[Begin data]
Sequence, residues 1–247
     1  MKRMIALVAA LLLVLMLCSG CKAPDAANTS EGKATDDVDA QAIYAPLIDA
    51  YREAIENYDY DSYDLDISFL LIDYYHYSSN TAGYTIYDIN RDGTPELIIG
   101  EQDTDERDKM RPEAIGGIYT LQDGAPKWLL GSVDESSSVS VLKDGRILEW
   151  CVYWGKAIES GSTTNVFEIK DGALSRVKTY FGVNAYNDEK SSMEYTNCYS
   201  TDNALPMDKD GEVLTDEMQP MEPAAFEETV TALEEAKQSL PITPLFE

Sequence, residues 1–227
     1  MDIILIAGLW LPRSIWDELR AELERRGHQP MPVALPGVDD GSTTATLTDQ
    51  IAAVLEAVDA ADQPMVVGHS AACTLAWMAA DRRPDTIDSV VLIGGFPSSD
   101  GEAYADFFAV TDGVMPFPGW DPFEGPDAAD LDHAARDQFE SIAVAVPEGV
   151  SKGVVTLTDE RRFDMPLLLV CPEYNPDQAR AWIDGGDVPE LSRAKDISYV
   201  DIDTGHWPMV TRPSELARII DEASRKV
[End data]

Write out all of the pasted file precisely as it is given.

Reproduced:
Sequence, residues 1–247
     1  MKRMIALVAA LLLVLMLCSG CKAPDAANTS EGKATDDVDA QAIYAPLIDA
    51  YREAIENYDY DSYDLDISFL LIDYYHYSSN TAGYTIYDIN RDGTPELIIG
   101  EQDTDERDKM RPEAIGGIYT LQDGAPKWLL GSVDESSSVS VLKDGRILEW
   151  CVYWGKAIES GSTTNVFEIK DGALSRVKTY FGVNAYNDEK SSMEYTNCYS
   201  TDNALPMDKD GEVLTDEMQP MEPAAFEETV TALEEAKQSL PITPLFE

Sequence, residues 1–227
     1  MDIILIAGLW LPRSIWDELR AELERRGHQP MPVALPGVDD GSTTATLTDQ
    51  IAAVLEAVDA ADQPMVVGHS AACTLAWMAA DRRPDTIDSV VLIGGFPSSD
   101  GEAYADFFAV TDGVMPFPGW DPFEGPDAAD LDHAARDQFE SIAVAVPEGV
   151  SKGVVTLTDE RRFDMPLLLV CPEYNPDQAR AWIDGGDVPE LSRAKDISYV
   201  DIDTGHWPMV TRPSELARII DEASRKV